Only now did I hear what had happened to the village of Lanaeken after I had seen the German preparations in Tongres for action against the little Belgian army that was still about in the north-eastern part of the country. The greater part of Lanaeken had been destroyed by shelling, and of course a great many innocent victims had fallen in consequence.The French army had overrun Belgium, everyone was flying towards Holland; the road was encumbered with vehicles of all kinds. Old post-chaises, great family coaches, open carts, were filled with fugitives; many went down the Rhine in boats.

      At a stopping-place a flock of sheep huddled together in terror, hens scuttered about clucking anxiously, the stable dogs crouched and slunk; high overhead a large eagle was slowly wheeling in the air.

      What is that, M. le Marquis? asked his hostess.

      cloak with gold buttons, which cost me much money, and I pray God

      But your Majesty must remember that even if the Duchess were to return to re-visit us, it would not be your Majesty she would come after.ON THE BATTLE-FIELDS


      Abibulla saw them off with great deference and a contrite air, and watched their retreat; then, as[Pg 260] I was about to send him to despatch the message, he was indignant. The police! What could they do to a sahib like me? It was all very well to frighten poor folksit was a sin to waste money in asking for a reply which I should never be called upon to showand so he went on, till I made up my mind to think no more of the matter. And whenever I met the chief at the bazaar or by the Jellum, he only asked after my health and my amusements.Carefully disguising themselves, they set off togetherof course, at nighttaking only the Duchesss maid, Mlle. Robert, who, though devoted to her mistress, had been silly enough to persuade her to this folly, and by an old porter belonging to the palace, who knew the way.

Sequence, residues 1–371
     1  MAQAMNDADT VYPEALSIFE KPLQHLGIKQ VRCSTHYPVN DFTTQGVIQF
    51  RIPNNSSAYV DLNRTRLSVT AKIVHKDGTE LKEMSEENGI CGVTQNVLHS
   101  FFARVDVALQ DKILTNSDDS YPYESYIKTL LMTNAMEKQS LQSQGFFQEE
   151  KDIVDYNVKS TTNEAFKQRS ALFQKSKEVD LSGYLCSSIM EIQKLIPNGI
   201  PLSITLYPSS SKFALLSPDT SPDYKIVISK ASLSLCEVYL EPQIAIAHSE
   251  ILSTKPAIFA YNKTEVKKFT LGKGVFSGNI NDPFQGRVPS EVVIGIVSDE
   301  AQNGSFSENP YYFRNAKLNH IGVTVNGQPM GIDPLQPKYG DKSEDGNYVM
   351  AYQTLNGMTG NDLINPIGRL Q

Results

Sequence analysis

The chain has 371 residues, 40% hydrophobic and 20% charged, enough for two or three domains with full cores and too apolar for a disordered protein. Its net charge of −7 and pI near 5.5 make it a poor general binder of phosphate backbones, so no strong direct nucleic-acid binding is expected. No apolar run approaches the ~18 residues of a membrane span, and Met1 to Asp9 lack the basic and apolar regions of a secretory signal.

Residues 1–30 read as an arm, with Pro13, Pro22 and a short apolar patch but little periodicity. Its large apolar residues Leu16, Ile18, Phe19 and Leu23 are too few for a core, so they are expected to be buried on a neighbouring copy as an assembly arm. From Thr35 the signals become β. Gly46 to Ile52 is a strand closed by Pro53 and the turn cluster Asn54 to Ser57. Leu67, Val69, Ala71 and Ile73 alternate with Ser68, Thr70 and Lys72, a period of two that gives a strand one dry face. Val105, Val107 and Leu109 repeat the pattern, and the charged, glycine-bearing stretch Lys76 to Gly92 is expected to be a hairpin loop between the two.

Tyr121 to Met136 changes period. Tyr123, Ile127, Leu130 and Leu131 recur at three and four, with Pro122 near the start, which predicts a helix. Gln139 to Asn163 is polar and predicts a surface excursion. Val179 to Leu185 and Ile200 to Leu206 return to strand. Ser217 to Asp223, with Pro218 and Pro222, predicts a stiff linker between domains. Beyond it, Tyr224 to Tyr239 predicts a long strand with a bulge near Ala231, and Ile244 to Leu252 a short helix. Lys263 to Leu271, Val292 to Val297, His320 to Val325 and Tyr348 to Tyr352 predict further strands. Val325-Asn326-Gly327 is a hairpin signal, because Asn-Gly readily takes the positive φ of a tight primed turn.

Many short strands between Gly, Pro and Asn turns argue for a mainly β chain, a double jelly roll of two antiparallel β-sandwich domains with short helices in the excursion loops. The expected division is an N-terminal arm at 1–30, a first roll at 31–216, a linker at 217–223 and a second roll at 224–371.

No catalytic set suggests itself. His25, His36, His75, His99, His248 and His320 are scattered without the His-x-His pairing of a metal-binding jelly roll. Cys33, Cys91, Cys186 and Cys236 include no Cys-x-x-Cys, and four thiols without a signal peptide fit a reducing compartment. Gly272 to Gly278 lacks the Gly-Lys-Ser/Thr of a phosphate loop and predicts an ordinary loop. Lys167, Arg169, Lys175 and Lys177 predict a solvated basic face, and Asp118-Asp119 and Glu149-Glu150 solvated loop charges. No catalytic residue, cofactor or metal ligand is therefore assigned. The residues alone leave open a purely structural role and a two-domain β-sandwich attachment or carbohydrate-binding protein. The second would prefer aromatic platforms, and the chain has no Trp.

On Alexanders departure for the East, Aristotle returned to Athens, where he now placed himself at the head of a new philosophical school. The ensuing period of thirteen years288 was fully occupied by the delivery of public lectures, and by the composition of those encyclopaedic writings which will preserve his memory for ever, along, perhaps, with many others which have not survived. Like Anaxagoras, he was not allowed to end his days in the city of his adoption. His youthful attacks on Isocrates had probably made him many enemies among that rhetors pupils. It is supposed by Grote, but warmly disputed by Zeller, that his trenchant criticisms on Plato had excited a similar animosity among the sectaries of the Academy.178 Anyhow, circumstances had unavoidably associated him with the detested Macedonian party, although his position, as a metic, or resident alien, debarred him from taking any active part in politics. With Alexanders death the storm broke loose. A charge was trumped up against Aristotle, on the strength of his unlucky poem in honour of Hermeias, which was described as an insult to religion. That such an accusation should be chosen is characteristic of Athenian bigotry, even should there be no truth in the story that certain philosophical opinions of his were likewise singled out for prosecution. Before the case came on for trial, Aristotle availed himself of the usual privilege allowed on such occasions, and withdrew to Chalcis, in order, as he said, that the Athenians need not sin a second time against philosophy. But his constitution, naturally a feeble one, was nearly worn out. A year afterwards he succumbed to a stomach complaint, aggravated, if not produced, by incessant mental application. His contemporary, Demosthenes, perished about the same time, and at the same age, sixty-two. Within little more than a twelvemonth the world had lost its three greatest men; and after three centuries of uninterrupted glory, Hellas was left unrepresented by a single individual of commanding genius.If Zellers semi-Hegelian theory of history does scant justice to the variety and complexity of causes determining the evolution of philosophy, it also draws away attention from the ultimate elements, the matter, in an Aristotelian sense, of which that evolution consists. By this I mean the development of particular ideas as distinguished from thexvii systems into which they enter as component parts. Often the formation of a system depends on an accidental combination of circumstances, and therefore cannot be brought under any particular law of progress, while the ideas out of which it is constructed exhibit a perfectly regular advance on the form under which they last appeared. Others, again, are characterised by a remarkable fixity which enables them to persist unchanged through the most varied combinations and the most protracted intervals of time. But when each system is regarded as, so to speak, an organic individual, the complete and harmonious expression of some one phase of thought, and the entire series of systems as succeeding one another in strict logical order according to some simple law of evolution, there will be a certain tendency to regard the particular elements of each as determined by the character of the whole to which they belong, rather than by their intrinsic nature and antecedent history. And I think it is owing to this limitation of view that Zeller has not illustrated, so fully as could be desired, the subtler references by which the different schools of philosophy are connected with one another and also with the literature of their own and other times.